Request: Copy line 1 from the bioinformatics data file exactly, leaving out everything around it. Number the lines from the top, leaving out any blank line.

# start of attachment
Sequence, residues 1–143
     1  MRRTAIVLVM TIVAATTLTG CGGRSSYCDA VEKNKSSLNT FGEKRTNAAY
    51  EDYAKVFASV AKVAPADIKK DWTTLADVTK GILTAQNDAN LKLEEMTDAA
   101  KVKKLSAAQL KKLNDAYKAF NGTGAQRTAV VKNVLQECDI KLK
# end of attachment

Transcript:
Sequence, residues 1–143